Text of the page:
Andersen did not help matters. He persisted in falling romantically, sometime publicly, in love with unattainable women and men, notably the famed singer Jenny Lind and well-known dancer Harald Scharff.
Andersen found his place in establishing a body of writing that appealed to children and adults and that has neither clumsy moralism, nor needless florid description, as writing meant for children tended toward in that period (and beyond). His tales resounded with human experience, drawn from his own internal and external struggles, cast in the form of little mermaids, tin soldiers, and match girls. The stories were a mix of heartfelt emotion and social commentary. There really had been nothing like it before. He influenced future writers such as Lewis Carroll, Beatrix Potter, Kenneth Grahame, and A.A. Milne.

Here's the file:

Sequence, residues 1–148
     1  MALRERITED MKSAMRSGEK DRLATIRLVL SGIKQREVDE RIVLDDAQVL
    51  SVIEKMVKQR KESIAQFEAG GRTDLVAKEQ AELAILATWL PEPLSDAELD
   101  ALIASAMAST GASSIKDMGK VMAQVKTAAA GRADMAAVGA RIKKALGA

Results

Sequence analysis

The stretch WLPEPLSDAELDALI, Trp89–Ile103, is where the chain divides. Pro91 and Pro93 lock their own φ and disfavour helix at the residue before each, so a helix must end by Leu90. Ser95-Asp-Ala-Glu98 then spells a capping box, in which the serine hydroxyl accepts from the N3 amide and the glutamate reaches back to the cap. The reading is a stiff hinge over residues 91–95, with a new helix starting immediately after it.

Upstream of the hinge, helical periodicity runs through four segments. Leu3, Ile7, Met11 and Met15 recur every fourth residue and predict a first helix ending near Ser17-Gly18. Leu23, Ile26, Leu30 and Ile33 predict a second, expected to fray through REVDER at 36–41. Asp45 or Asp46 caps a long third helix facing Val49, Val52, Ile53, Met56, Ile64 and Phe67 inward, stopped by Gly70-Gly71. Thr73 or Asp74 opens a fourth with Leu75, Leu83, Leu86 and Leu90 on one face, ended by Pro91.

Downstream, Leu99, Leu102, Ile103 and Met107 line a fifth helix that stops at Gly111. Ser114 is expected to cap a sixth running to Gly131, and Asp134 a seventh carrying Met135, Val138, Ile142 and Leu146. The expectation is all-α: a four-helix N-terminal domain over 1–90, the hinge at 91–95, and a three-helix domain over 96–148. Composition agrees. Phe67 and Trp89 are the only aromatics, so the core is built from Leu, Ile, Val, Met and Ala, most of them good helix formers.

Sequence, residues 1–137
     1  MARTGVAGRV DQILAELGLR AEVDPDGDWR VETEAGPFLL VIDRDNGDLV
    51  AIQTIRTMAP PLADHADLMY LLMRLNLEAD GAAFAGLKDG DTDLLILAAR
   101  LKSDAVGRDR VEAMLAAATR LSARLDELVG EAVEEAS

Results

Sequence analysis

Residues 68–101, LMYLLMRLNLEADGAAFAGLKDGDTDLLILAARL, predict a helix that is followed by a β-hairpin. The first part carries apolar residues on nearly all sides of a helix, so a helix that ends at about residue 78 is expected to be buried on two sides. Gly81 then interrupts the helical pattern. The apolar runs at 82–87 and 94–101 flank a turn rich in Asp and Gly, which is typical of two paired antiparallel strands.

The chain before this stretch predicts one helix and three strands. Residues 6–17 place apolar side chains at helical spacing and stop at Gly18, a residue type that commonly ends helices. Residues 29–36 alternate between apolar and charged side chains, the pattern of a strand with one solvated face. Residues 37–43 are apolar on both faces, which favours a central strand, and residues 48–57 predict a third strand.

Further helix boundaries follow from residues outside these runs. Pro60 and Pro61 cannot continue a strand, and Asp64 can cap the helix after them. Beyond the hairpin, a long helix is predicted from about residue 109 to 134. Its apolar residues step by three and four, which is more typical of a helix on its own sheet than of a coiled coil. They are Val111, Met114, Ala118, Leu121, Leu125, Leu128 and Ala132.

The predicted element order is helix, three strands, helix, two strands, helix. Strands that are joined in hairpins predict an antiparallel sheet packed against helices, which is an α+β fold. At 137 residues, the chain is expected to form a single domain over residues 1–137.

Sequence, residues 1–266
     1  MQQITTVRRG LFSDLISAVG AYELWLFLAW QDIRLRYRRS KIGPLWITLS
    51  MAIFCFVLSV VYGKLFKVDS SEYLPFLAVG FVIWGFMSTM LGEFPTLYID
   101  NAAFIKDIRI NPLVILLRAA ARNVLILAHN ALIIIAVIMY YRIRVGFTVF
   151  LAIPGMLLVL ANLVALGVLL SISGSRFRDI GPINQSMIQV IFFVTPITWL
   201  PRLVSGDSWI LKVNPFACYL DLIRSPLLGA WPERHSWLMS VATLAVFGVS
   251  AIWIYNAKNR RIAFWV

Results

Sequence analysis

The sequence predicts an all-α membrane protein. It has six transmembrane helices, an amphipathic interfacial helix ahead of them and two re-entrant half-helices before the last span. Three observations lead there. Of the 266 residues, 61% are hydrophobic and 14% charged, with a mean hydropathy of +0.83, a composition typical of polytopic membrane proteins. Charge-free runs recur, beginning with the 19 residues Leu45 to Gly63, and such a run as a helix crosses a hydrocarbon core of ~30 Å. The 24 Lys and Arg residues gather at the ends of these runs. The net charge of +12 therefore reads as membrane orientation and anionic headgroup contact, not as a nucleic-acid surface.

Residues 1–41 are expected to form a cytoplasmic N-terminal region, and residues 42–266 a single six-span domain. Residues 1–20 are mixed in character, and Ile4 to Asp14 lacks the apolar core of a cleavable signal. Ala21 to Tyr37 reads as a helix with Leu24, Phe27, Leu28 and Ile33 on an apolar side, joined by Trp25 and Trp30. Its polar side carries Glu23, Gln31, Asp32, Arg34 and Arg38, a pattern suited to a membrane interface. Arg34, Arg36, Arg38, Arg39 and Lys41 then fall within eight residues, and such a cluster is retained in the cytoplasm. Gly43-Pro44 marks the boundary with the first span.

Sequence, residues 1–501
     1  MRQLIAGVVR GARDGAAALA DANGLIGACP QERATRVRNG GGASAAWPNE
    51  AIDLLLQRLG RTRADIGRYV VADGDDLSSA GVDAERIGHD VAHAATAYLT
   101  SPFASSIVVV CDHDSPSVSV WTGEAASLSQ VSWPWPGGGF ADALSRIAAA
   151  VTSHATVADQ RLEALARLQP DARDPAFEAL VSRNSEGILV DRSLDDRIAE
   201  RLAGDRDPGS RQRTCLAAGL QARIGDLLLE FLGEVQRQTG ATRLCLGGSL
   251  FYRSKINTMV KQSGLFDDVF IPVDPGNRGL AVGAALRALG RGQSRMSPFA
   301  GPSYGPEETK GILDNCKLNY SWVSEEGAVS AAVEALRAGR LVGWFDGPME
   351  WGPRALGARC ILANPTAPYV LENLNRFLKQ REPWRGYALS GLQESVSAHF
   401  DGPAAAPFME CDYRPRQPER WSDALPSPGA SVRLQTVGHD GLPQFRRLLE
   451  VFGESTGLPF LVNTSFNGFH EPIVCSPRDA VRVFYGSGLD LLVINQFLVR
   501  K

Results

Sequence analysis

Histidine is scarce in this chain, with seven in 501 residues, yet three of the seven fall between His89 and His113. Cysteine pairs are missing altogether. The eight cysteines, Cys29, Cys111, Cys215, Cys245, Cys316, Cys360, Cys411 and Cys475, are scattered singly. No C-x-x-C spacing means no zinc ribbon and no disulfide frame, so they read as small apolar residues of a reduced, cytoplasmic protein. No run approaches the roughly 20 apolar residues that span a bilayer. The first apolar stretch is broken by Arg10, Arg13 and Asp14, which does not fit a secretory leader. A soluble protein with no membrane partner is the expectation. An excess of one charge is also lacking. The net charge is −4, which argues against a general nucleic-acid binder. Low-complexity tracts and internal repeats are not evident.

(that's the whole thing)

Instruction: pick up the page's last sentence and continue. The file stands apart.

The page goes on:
But for the moment, Andersen and I sat staring at each other. He put up a finger, the internationally-recognized sign for “wait,” took out a piece of paper and scissors from his inside coat pocket, and, folding the paper in half, skillfully and quickly cut away until he depicted two swans facing each other. He handed it to me as if that had been the purpose of his coming, then hastily escaped the confines of the garden.
I will treasure the paper cutting.